Things You'll Need
Clean, dry rag
Spark plug wrench
Spark plug gapper
The Stihl MS 290 chainsaw is a useful tool for working around the house, particularly when landscaping. When operated correctly, the Stihl MS 290 will start without problem. Under certain conditions, particularly if the chainsaw is used regularly and not maintained, you will have trouble starting the Stihl MS 290. By troubleshooting the chainsaw, you can often return it to normal working order without the need of a service technician.
Check the fuel level in the tank. You must use a gasoline and two-stroke engine oil at a ratio of 2.6 fluid ounces of oil for every gallon of gasoline.
Clean the air filter to ensure the engine receives enough air. To clean the air filter, press in on the throttle trigger interlock, located on the front of the Stihl 290, and move the "Master Control" lever to "Cold Start." Twist the knob in front of the rear handle counterclockwise and remove the carburetor box cover, which is the rear part of the chainsaw, off of the device. Pull out the prefilter, which is the thin, tabbed part behind the air filter. Loosen the two nuts in front of the air filter and pull out the air filter. Tap the air filter against your hand to remove dirt and debris, or use compressed air to blow out the filter. Reinsert the air filter and tighten the nuts. Leave the prefilter out of the chainsaw to complete Step 3.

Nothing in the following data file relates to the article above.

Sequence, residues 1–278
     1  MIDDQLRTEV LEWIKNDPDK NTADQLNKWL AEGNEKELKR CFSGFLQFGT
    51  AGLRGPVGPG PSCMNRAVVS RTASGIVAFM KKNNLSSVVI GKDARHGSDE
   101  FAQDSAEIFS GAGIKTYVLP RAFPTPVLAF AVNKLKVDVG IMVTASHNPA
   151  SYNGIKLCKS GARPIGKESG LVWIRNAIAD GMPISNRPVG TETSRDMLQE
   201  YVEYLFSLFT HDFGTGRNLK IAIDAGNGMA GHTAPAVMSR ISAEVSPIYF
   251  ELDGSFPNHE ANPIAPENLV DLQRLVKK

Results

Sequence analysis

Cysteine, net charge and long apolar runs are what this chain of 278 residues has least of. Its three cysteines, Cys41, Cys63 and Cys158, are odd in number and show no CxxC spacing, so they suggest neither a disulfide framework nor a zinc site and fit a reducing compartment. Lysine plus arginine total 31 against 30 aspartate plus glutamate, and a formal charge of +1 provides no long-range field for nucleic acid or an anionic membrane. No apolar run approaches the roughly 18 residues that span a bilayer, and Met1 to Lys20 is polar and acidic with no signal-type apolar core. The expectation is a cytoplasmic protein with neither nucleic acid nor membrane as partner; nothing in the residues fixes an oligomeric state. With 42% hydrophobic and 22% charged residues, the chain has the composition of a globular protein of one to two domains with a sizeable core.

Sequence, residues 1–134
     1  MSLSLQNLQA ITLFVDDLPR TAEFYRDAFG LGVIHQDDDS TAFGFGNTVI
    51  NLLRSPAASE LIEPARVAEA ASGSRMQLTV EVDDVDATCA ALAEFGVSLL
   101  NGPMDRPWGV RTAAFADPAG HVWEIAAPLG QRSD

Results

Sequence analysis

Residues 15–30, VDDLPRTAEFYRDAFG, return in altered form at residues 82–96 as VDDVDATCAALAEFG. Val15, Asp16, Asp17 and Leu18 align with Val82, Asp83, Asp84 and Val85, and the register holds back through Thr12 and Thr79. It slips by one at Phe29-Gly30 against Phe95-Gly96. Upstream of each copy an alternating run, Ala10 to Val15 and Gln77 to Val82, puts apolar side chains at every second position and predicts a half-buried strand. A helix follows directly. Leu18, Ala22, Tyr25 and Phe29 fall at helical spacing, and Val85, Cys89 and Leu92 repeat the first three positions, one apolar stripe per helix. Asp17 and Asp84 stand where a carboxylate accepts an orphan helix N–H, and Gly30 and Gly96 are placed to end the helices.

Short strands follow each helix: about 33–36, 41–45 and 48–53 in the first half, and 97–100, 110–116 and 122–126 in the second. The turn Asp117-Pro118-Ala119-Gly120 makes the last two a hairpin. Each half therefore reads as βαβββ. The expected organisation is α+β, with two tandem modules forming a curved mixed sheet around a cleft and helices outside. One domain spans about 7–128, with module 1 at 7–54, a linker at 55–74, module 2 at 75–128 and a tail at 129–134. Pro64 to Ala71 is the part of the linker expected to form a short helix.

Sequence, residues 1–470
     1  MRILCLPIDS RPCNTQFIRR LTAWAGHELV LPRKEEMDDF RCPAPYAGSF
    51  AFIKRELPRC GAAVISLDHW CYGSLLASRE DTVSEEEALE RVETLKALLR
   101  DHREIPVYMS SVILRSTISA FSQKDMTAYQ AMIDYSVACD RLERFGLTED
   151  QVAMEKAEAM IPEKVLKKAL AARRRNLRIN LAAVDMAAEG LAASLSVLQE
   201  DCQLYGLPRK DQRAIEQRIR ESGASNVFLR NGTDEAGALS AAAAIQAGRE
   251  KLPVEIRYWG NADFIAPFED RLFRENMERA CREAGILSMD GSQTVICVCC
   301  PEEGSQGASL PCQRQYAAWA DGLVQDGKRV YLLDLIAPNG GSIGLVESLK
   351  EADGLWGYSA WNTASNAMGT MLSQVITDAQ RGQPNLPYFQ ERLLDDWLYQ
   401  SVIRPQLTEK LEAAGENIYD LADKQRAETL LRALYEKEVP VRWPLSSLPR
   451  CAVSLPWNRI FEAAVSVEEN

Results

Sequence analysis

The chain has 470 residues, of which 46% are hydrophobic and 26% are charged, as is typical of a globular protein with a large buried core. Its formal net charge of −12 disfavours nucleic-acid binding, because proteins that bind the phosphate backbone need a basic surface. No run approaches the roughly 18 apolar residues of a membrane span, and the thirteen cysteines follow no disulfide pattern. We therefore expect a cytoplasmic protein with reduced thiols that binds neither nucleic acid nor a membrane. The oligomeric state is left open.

Pull off the spark plug boot and remove the spark plug with the spark plug wrench. Clean off the spark plug with a clean, dry towel and check the electrode gap with the spark plug gapper. The proper gap measurement is 0.2 inches. Reinstall the spark plug and attach the spark plug boot. Replace the prefilter, attach the carburetor box cover and tighten the knob in front of the rear handle.
Press down on the decompression valve button located below the front handle on the left side of the chainsaw. You should open the decompression valve every time you start the engine, whether it is a cold or warm start.
Push the hand guard, which is located behind the front handle, forward to set the chain brake. The engine will not start if the hand guard is not moved forward.
William Pullman is a freelance writer from New Jersey. He has written for a variety of online and offline media publications, including "The Daily Journal," "Ocular Surgery News," "Endocrine Today," radio, blogs and other various Internet platforms. Pullman holds a Master of Arts degree in Writing from Rowan University.